3 ways the US could strike targets in Syria
President Donald Trump warned Russia on April 11, 2018, that US missiles are coming for Syria, whether or not Russia will try to defend against them.
Such a strike would call on the US's most high-end platforms and present one of the most difficult military challenges on Earth.
Russia has deployed advanced air-defenses to Syria, and they're pretty much the top of the line. A Russian diplomat and several Russian lawmakers also threatened to shoot down US missiles, the platforms that fired them, and to otherwise impose "grave repercussions."
But the US has stealth jets and Navy destroyers that can send missiles over 1,000 miles. If the US does intend to strike targets under Russia's air defenses, it will carry out perhaps the most complicated, technologically advanced military skirmish of all time.
1. The US's best stealth jets vs. Russia's best air defenses
Igor Sutyagin of the Royal United Services Institute, an expert on Russian missile defense systems and strategic armaments, previously told Business Insider that US planes can beat Russian air defenses, but not without a fight.
"Yeah they can do it. In theory, they can do it because they will be launching stand off weapons," Sutyagin said, referring to long-range missiles as "standoff weapons."
"The tactics of these low-visibility planes, as they were designed originally, was to use the fact that detection range was decreased so you create some gaps in radar range and then you approach through the gap and launch standoff weapons," he said.
"If American pilots will be not experienced in their fifth-gens, they will be shot down. If they are brilliant, operationally, tactically brilliant, they will defeat them," Sutyagin concluded.
Retired US Marine Corps Lt. Col David Berke, a former F-35 squadron leader and an F-22 pilot, also told Business Insider that US stealth jets were built to take on Russia's air defenses specifically.
2. The Navy option
But the US already struck Syria's government successfully in 2017, using cruise missiles launched from US Navy guided-missile destroyers.
"One air defense battalion with an S-300 [advanced Russian air defense system] has 32 missiles. They will fire these against 16 targets (maybe against cruise missiles they would fire a one-to-one ratio) but to prevent the target from evading, you always launch two ... but what if there are 50 targets?" Sutyagin said.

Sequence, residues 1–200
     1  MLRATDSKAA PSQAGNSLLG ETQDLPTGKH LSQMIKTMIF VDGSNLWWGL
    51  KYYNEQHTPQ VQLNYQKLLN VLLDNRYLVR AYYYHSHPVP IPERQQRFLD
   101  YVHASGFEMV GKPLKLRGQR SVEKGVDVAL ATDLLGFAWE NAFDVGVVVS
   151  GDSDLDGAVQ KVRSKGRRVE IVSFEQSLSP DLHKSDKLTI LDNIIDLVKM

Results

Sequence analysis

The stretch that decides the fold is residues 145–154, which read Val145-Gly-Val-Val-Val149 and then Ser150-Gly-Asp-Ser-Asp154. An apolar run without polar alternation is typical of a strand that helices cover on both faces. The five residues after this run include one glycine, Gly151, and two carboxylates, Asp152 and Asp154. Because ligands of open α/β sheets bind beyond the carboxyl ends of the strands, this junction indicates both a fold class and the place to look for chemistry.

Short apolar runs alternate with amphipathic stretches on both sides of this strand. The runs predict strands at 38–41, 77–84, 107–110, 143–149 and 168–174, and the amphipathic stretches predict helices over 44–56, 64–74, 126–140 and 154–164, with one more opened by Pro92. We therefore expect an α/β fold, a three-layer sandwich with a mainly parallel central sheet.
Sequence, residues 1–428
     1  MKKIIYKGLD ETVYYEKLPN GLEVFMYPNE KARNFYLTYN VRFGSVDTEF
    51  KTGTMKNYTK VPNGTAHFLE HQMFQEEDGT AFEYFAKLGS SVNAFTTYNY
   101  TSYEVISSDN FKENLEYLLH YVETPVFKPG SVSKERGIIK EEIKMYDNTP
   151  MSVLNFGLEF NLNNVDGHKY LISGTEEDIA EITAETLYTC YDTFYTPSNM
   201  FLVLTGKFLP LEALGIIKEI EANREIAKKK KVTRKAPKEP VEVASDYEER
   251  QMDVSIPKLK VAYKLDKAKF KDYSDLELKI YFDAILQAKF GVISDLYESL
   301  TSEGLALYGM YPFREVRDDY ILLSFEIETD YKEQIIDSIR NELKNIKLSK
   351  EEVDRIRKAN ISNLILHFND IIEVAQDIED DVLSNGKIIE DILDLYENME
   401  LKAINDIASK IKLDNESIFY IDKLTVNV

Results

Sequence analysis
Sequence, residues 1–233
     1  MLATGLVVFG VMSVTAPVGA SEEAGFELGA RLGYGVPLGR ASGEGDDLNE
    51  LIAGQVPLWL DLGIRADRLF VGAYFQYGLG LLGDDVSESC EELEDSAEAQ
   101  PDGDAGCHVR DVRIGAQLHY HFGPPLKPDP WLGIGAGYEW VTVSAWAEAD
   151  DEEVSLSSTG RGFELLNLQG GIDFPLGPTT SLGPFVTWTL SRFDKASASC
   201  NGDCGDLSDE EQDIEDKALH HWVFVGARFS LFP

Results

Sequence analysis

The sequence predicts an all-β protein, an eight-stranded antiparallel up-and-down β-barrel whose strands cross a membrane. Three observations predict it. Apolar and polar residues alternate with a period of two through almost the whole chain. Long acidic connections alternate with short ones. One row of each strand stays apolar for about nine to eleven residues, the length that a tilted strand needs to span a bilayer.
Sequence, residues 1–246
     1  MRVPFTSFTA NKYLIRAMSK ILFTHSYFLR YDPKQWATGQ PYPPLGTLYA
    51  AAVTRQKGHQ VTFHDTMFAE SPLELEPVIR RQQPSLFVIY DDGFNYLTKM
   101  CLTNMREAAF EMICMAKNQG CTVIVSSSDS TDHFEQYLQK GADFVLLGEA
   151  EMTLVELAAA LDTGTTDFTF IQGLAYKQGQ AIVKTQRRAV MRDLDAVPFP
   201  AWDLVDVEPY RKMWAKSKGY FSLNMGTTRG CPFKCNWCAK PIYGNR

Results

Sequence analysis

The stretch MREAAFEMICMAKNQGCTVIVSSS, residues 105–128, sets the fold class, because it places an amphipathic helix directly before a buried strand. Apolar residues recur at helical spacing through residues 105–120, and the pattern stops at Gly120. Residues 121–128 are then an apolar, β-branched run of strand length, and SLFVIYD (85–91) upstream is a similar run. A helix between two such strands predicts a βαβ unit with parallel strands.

"The Russian military in Syria has air defense systems theoretically capable of shooting down US Tomahawk missiles but these can be saturated and, in the case of the S-400 [another Russian air defense system] in particular, are largely unproven in actual combat use," Justin Bronk, an air combat expert at RUSI, told Business Insider.
But the cruise missile strike of April, 2017, did little to actually stop chemical weapons attacks or violence against civilians from Syrian President Bashar Assad's regime. Within 24 hours, warplanes took off from the damaged airfield again.
Russia has heavy naval power in the region, but Bronk predicted that Moscow won't have the stomach for a full-on fight against the US Navy, as it could easily escalate into all-out war between the world's greatest military and nuclear powers.
3. Trump's next strike may make the last one look tiny
President Donald Trump is now weighing a much larger strike to send a clear message, the New York Times reports.
To do this, the US will have to carefully weigh how much it wants to risk against Russia, a competent foe.
The scale of the US's strike "depends on the risk appetite," Bronk said, as the US will be "risking escalation directly with the Russians."
"If the US decides on an option that involves more than cruise missiles and potentially a few stealth aircraft, it will have to suppress the Syrian air defense network and threaten or potentially even kill Russians," Bronk said.